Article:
Type 2 GS is caused by mutations in the RAB27A gene that is expressed in T cells as well as melanocytes; like CHS, it features recurrent infections and haemophagocytic lymphohistiocytosis. Patients with type 2 GS have hypogammaglobulinaemia in addition to impaired delayed-type hypersensitivity and NK cell activity, and they may develop secondary neurological dysfunction as a complication of the accelerated phase. Type 1 GS results from mutations in the myosin Va (MYO5A) gene that is expressed in neurones as well as melanocytes, and it manifests with primary neurological abnormalities but not immunodeficiency. Elejalde syndrome (neuroectodermal melanolysosomal disease) presents with pigmentary features of GS plus severe neurological dysfunction and is thought to represent a variant of type 1 GS. Type 3 GS is caused by mutations in the melanophilin (MLPH) gene or deletion of the MYO5A F-exon, both of which are expressed primarily in melanocytes; as a consequence, the phenotype is limited to pigmentary findings.

Hermansky–Pudlak syndrome type 2 (HPS2; due to AP3B1 mutations) can present with diffuse pigmentary dilution of the skin, hair and eyes together with platelet dysfunction and recurrent infections caused by abnormal cytotoxic T and NK cells; haemophagocytic lymphohistiocytosis has also been reported [11]. However, unlike CHS, the hair is not silver in patients with HPS2. Tricho-hepato-enteric syndrome (phenotypic diarrhea of infancy) is an autosomal recessive disorder caused by mutations in the TTC37 gene that can feature diffuse pigmentary dilution of the skin and hair, immunodeficiency and platelet abnormalities; unlike CHS, it is also characterized by brittle hair with trichorrhexis nodosa, intractable diarrhea during infancy, primary liver disease, facial dysmorphism and cardiac defects [12]. Additional inherited disorders characterized by lymphoproliferation in the context of immune dysregulation are summarized in Table 177.3.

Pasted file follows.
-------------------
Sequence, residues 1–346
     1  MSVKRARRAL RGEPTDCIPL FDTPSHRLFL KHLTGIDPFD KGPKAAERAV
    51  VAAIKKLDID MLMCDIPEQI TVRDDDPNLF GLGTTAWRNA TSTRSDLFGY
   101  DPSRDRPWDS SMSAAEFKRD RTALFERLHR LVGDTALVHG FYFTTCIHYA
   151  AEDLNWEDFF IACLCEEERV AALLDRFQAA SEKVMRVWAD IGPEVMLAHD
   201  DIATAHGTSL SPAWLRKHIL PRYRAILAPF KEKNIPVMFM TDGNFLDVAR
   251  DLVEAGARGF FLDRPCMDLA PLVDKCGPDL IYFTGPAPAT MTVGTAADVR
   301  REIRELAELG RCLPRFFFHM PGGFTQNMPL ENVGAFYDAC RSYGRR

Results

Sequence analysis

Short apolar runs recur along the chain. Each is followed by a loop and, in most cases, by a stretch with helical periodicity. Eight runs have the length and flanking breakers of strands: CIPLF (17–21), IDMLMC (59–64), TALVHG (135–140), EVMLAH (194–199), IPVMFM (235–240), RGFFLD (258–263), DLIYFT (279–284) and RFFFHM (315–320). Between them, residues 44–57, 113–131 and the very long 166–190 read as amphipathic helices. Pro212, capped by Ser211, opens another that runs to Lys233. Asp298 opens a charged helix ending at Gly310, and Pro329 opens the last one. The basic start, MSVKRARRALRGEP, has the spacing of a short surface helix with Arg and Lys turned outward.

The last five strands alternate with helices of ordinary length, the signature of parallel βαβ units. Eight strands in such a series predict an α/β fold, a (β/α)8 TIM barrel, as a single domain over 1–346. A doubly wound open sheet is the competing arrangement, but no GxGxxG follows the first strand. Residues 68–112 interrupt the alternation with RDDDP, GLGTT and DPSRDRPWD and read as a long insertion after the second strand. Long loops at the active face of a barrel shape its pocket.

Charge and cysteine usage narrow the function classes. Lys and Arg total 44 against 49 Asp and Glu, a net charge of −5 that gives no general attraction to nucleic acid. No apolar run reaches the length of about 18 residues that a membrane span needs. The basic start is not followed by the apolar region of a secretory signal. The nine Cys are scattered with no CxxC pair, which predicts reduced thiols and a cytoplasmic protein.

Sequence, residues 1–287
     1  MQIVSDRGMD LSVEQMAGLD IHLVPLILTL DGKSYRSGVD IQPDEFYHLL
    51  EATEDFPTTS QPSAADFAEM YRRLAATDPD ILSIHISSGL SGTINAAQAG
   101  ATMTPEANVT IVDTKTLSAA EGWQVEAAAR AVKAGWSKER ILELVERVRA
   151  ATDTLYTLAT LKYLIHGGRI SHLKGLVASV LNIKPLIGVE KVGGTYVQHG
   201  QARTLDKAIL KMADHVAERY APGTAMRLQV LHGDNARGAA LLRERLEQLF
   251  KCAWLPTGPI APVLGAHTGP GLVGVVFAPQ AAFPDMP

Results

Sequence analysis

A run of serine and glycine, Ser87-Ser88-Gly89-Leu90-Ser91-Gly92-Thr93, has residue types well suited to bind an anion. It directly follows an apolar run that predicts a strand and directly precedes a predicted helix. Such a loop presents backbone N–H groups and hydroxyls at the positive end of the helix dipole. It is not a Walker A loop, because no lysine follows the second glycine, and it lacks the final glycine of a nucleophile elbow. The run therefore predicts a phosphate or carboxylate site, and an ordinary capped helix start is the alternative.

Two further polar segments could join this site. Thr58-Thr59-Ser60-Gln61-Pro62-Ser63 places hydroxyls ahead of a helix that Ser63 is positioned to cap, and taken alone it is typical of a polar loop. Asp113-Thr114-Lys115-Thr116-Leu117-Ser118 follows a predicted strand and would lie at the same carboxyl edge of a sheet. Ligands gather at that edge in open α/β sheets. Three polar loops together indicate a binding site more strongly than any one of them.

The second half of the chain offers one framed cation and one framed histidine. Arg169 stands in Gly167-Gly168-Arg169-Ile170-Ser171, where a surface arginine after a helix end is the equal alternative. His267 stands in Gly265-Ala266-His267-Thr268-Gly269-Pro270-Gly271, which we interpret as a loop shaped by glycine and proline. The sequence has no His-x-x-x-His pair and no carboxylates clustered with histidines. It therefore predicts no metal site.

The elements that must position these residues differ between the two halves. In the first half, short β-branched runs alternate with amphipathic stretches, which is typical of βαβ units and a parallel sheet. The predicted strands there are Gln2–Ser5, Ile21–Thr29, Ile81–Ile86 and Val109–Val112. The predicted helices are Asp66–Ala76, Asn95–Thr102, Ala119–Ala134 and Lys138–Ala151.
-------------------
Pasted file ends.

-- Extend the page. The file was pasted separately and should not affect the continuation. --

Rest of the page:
Table 177.3 Inherited disorders characterized by immune dysregulation and lymphoproliferation

Adapted with permission from Bolognia JL, Jorizzo JL, Rapini RP, eds. Dermatology, 2nd edn. London: Elsevier, 2007.


AD, autosomal dominant; AR, autosomal recessive; CTL, cytotoxic T lymphocytes; EBV, Epstein–Barr virus; HSM, hepatosplenomegaly; Inh, inheritance; LAN, lymphadenopathy; LE, lupus erythematosus; NK, natural killer; XR, X-linked recessive.


Haematopoietic stem cell transplantation can correct the immunodeficiency of CHS and prevent or (following immunochemotherapy with etoposide, corticosteroids and ciclosporin) treat the accelerated phase [13,14]. However, transplantation does not alter the pigmentary findings or halt neurological degeneration. Management of CHS is otherwise largely supportive, with use of prophylactic antibiotics to avoid recurrent infections.


1 Shiflett SL, Kaplan J, Ward DM. Chédiak–Higashi syndrome: a rare disorder of lysosomes and lysosome related organelles. Pigment Cell Res 2002;15:251–7.

2 Anderson LL, Paller AS, Malpass D et al. Chediak–Higashi syndrome in a black child. Pediatr Dermatol 1992;9:31–6.

3 Barbosa MD, Nguyen QA, Tchernev VT et al. Identification of the homologous beige and Chediak–Higashi syndrome genes. Nature 1996;382:262–4.

4 Westbroek W, Adams D, Huizing M et al. Cellular defects in Chediak–Higashi syndrome correlate with the molecular genotype and clinical phenotype. J Invest Dermatol 2007;127:2674–7.